There were no surprises in the saddlebags. The two leather-bagged bikes were predictably easy to stuff, but weren't lockable. Both offer the combination of a traditional buckle and a quick-release, for ultimate adjustability. The Silverado's hard bags didn't result in the advantage you might imagine, with a cheap-feeling latching system, small size, and an inability to stay open. Still, their solid appearance and locks would deter most thieves like a leather bag never will.

The newer bikes again had an advantage in the instrumentation, with a distance-to-empty feature that the Silverado lacked. The Kawasaki has all of the functionality of the higher-touring spec Voyager, with an average mileage feature and unique display. The Thunderbird alone sported a tachometer, though ironically, with its powerful engine, needed it the least. The Star wasn't far behind, with an analog fuel gauge to the other bike's digital displays.

One feature missing from the Thunderbird was an integrated ignition/fork lock the others were equipped with. The Vulc had the nice touch of a key that could either be taken out or left in the large ignition housing.

The bells and whistles are useless if riding isn't any fun, and all three of these machines offer very different riding experiences. Laid-back, lazy riders will enjoy the manners of Star's Silverado. It has a powerband best suited for lugging out of corners, and loafing around at low RPM. Although it can rev out when pushed, it's happiest and feels best in the low revs. Kawasaki's Vulcan is the opposite, with a motor that likes to be spun up, and feels clattery if shifted short. The 17's high-geared six-speed transmission feels oddly matched, as we rarely got into 6th gear. Unfortunately for both of those bikes, the smaller-engined Triumph adapted to both kinds of riders better. With a motor that is as at home lugging as spinning, all comers found the T-Bird to their liking.

As long-distance superslab haulers, the bikes performed somewhat predictably. The Silverado was out of its depth at highway speeds. Handling is more disconnected and vague compared to the other bikes, and for some riders it could be unnerving. Quick movements of the bars made for unstability in the front end, and wind only made it worse. The Vulcan is a light-steering bike, which was not to everyone's taste either. Though it never felt detached like the Star (indeed, the front feels very solid) it's just a super-light touch. Unfortunately it's not just the rider that can change directions on the Kawi, as the wind also will blow this bike around. The solid-feeling and neutral-handling Thunderbird was a joy on the open road, as it tracked straight and positively, feeling controllable at all times. Gearing was similarly perfectly spaced on the Triumph; although it's lower-geared than the Kawasaki, it revved out nicely to make up for it. The Star was tapped at highway speeds but could keep up with anything approaching the legal limit.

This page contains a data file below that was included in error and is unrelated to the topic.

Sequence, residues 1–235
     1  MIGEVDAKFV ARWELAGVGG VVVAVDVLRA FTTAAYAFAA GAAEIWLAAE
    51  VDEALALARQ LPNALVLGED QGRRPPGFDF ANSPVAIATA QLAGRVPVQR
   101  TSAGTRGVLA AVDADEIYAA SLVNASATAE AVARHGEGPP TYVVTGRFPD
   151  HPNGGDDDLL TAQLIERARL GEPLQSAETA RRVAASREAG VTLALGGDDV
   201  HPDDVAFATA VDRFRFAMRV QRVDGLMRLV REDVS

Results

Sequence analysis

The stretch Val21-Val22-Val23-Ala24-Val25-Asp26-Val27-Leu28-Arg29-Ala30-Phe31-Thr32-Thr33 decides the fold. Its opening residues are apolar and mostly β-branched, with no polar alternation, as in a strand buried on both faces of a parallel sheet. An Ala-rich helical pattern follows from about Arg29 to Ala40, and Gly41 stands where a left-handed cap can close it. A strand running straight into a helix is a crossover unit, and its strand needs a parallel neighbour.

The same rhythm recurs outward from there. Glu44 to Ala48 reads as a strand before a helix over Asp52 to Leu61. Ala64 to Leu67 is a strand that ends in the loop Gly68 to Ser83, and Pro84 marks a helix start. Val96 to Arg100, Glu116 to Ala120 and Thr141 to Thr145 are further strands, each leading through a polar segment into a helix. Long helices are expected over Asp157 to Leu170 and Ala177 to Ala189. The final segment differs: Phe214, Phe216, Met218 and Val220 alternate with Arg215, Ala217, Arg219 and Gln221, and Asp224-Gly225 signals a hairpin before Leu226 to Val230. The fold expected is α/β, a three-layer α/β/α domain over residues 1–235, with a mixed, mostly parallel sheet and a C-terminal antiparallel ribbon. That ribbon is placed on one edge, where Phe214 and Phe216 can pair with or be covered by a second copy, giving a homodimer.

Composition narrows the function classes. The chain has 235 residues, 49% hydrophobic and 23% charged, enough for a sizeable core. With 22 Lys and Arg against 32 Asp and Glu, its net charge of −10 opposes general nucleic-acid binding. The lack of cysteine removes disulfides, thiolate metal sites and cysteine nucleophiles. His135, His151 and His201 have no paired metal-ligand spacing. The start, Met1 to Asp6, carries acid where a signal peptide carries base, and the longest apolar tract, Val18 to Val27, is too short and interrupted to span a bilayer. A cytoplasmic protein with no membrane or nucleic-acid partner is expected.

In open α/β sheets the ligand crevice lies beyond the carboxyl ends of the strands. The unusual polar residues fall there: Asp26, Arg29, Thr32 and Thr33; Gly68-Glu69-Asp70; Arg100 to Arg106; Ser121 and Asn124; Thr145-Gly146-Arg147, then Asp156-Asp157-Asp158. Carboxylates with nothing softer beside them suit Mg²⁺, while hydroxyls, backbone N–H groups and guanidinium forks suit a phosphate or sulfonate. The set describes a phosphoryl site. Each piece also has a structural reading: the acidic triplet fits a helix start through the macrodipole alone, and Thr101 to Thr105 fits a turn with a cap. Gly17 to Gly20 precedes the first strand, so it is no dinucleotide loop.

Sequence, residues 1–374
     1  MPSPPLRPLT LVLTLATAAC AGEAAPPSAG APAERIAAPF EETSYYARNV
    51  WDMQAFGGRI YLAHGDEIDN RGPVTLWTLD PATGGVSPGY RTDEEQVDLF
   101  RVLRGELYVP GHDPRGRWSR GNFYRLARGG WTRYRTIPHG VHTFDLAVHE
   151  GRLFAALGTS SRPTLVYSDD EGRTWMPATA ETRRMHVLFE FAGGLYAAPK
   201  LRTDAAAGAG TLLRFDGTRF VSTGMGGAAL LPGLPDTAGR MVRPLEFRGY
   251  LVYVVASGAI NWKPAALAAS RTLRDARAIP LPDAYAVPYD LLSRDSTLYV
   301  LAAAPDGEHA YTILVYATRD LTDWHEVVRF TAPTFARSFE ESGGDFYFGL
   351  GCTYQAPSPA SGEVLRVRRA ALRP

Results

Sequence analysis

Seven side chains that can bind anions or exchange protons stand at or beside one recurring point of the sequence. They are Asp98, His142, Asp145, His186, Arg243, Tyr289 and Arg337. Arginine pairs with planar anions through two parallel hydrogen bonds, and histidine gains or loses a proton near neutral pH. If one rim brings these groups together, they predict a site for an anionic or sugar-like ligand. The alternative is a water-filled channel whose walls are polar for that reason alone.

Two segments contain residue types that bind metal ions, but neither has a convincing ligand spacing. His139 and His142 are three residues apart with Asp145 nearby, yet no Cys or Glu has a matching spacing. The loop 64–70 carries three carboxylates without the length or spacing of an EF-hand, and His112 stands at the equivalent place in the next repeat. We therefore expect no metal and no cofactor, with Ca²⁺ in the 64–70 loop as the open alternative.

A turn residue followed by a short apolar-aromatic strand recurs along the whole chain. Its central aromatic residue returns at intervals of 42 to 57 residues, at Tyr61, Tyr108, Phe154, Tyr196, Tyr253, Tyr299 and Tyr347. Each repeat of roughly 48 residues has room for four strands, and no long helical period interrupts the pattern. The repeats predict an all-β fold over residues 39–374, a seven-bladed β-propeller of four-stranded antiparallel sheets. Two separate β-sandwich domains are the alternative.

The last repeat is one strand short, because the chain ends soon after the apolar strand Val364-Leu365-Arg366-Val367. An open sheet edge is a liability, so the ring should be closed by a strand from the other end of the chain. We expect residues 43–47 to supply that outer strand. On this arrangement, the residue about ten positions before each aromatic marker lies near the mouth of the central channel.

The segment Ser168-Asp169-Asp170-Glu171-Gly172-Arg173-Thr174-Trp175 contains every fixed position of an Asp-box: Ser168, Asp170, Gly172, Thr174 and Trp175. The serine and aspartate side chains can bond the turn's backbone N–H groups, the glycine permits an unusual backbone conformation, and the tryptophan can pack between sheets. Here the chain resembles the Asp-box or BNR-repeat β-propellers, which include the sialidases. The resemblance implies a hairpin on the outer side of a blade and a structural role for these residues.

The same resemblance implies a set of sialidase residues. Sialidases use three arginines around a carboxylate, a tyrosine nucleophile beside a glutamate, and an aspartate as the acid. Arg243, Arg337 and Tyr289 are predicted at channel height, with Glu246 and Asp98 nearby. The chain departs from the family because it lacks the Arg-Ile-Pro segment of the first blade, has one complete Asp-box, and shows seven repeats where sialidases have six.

As the roads tightened up, the Silverado came into its own. More aggressive riders were still frustrated by the lack of feedback from the front, and its inability to change directions quickly without shimmying, but if taken in a relaxed fashion, twists and turns actually suited it fine...until it ran out of ground clearance. The Kawasaki felt a touch more top-heavy than the others, but its light handling was welcomed, even if its revvy nature kept it usually a gear lower than the others to keep the engine in its happy place. Just as on the highway, the T-Bird was as at home with aggressive as with passive riders, with a motor that pulls strong from the bottom and a chassis that felt far better at an accelerated pace.

Braking followed a similar path; the Star was least aggressive, while the Vulcan was a bit touchier, and the Thunderbird had the strongest, most responsive binders. For those afraid of heavy braking, the Triumph also had the advantage of ABS, making stops on any surface absolutely fear-proof. Unless you count Harley's Road King, it's the only bike at this displacement so equipped (though we have a feeling that will soon be changing).

Even when you took into account each bike's range, the Triumph dominated, with the best gas mileage as well as the biggest tank in the group. It almost wasn't fair.

Well, mostly. In case you couldn't tell, we fell in love with the Thunderbird all over again. In two tests against very different opponents, the Thunderbird has shown itself to be a versatile machine, from aggressive, sporty cruiser (vs. the Star Warrior , April '10) to more sedate long-distance hauler. However, if you're looking for a more classic-looking machine, it's probably not going to float your boat without some extensive modifications. Luckily, Triumph has rolled out a boatload of accessories for this model. (see www.triumph.co.uk/usa) And if you absolutely need a V-twin, this isn't your bike.

As much as our testers might have ragged on it, the Silverado has a lot going for it. It could be a fine mount for those who like to just sit back and watch the scenery go by. Handling problems aren't a problem if you're just cruising along, and isn't that what these bikes are about?

For a more involved experience, Kawasaki's LT steps up to the plate. It's immediate and visceral, demanding of your attention to get it to the right gear or to stay headed the right direction. It's connected to you, and offers up a wealth of information on its LCD if you need something to look at on a long trip.

So here's to the newest Thunderbird: we look forward to the next one.


BASE PRICE $14,199 $15,190 $14,999
COLORS Red/Titanium two-tone Red Red
STANDARD 24 months 1 Year 24 months
TYPE Liquid-cooled V-twin Air-cooled V-twin Liquid-cooled parallel twin
DISPLACEMENT, 1700cc, 1670cc, 1597cc,
BORE X STROKE 102mm x 104mm 97mm x 113mm 103.8mm x 94.3mm
VALVE TRAIN SOHC, 4 valves per cylinder OHV, 4 valves per cylinder DOHC, 4 valves per cylinder